Every spring, the president’s cabinet meets to project a budget for the upcoming school year based on enrollment rates and revises the budget on actual rates in the fall.
This year, however, the cabinet got a “surprise” when their enrollment predictions ended up considerably lower than expected, Vice President for Business & Finance Ken Birkenholtz said.
“We really missed on every count last year,” Birkenholtz said. “We missed on new freshmen, we missed on transfers and we missed on returning students.”
To make up for the $1.4 million deficit, the committee decided to pull money from travel, deferred loans, unfilled positions and to cut excess money from budgets around campus.
Staff and faculty didn’t receive pay increases this year and the college dipped into the contingency fund in order to make up for the deficit after cuts were made.
Approximately $400,000 of the contingency budget was used to balance the budget.
“It’s the fact that we have it in the budget that keeps us from having an emergency,” Simpson College President John Byrd said. “We put the money in the budget so we do have the money for unexpected expenses.”
The contingency is designed to smooth out the budget so there is money for the college to lean on in years when enrollment is down.
Byrd anticipates higher enrollment next year.
“I’m very excited and very positive about the work that I see to bring our enrollment back up next year,” Byrd said.
Because of the surprise brought on by this year’s budget, Byrd has elected to start a core committee of faculty members to work on the budget throughout the year.
The committee will sit two members from each of three committees: the Budget Liaison Committee, the Education Policy and Curriculum Committee and the Faculty Personnel Committee.
“We’re working on the budget almost all the time in terms of planning for the future,” said Steve Griffith, senior vice president and academic dean.
Besides enrollment, the economy plays a role in how much money the college brings in. Simpson receives 5 percent of the college’s endowment, which is based on how prolific the market is in any given year.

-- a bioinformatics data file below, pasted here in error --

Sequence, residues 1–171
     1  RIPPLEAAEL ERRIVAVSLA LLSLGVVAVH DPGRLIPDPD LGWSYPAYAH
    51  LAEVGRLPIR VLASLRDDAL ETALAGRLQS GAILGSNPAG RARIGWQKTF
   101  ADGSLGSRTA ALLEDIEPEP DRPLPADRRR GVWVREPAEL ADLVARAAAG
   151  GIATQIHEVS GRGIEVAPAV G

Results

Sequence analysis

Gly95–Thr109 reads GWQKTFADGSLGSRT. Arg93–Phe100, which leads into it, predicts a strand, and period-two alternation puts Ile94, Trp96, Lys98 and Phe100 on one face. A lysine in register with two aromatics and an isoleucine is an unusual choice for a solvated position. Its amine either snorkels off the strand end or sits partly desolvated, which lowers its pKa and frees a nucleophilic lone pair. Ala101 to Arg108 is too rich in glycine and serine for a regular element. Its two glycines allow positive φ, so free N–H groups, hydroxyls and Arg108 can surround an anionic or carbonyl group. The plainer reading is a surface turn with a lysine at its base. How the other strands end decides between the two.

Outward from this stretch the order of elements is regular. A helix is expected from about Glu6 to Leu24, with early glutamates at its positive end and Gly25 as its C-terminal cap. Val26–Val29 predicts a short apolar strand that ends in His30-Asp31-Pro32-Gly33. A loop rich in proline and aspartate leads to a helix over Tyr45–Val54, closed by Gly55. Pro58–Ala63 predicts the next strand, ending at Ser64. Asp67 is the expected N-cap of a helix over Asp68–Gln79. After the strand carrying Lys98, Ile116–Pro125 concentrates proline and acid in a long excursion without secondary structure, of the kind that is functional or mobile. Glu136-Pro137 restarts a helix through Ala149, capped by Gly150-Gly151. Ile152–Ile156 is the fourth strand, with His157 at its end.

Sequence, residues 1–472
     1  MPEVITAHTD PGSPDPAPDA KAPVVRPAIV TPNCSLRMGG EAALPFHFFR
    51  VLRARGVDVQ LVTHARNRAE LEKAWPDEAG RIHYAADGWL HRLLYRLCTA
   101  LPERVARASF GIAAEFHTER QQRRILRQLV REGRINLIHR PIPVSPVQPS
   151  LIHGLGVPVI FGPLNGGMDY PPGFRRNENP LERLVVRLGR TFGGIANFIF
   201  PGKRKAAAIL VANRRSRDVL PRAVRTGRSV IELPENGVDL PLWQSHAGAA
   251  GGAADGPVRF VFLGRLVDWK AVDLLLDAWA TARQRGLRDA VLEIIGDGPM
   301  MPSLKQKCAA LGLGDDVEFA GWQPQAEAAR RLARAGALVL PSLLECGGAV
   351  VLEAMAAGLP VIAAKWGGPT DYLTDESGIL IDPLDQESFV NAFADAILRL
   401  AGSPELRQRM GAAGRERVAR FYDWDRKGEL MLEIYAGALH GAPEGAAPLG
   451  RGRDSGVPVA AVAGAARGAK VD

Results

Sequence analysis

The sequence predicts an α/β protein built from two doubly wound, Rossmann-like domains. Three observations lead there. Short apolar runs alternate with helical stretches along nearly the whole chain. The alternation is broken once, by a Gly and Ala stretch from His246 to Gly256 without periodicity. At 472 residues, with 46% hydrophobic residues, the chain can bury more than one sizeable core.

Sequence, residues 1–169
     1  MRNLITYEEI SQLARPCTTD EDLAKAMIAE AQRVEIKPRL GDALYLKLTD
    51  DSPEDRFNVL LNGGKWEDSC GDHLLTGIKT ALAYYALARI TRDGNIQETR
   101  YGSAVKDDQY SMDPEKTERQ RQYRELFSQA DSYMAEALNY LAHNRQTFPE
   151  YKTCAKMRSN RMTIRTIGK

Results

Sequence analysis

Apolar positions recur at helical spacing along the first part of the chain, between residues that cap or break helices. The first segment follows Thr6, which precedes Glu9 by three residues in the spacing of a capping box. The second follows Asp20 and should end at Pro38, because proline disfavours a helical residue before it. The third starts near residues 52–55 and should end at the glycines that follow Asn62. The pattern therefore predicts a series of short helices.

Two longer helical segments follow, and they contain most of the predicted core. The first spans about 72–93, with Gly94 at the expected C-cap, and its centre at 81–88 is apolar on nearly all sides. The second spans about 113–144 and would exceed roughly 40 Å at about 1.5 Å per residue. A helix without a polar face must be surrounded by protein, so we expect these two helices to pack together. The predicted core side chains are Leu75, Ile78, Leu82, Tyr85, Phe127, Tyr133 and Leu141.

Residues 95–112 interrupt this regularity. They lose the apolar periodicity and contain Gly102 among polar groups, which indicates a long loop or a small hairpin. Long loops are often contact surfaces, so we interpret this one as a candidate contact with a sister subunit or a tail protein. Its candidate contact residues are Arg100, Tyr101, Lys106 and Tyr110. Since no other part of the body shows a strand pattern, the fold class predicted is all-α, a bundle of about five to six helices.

The annual fund brings the college about one million dollars each year. This money comes from alumni and friends of the college that choose to make an annual gift to the college.
Salaries were also not increased this year. Byrd said he got the reaction that was expected from employees and that he believes there is a mutual understanding for why this was necessary for the college.
This is not uncommon, however. Just two years ago, staff and faculty didn’t receive a pay increase. Griffith said they did receive other benefits.
After the actual enrollment rate was finalized, it took the budget committee a matter of days to balance the budget. The cabinet has a method for developing a sound budget, which makes the balancing process happen very quickly.
“We were able to develop a solution very quickly and while we’re anxious to add money back to the budget, I believe that we’ve protected our core activities,” Byrd said.
Despite a lower budget for the college, Byrd pointed out that each student is receiving 4 percent more in college dollars than in previous years.
“We always want to prioritize the experience of students and the education that they’re getting,” Griffith said. “All the decisions that we make on the budget are stemming from making sure it’s a quality experience.”
While the budget is being balanced, Byrd and other financial staff attempt to make sure students aren’t the ones to notice the change.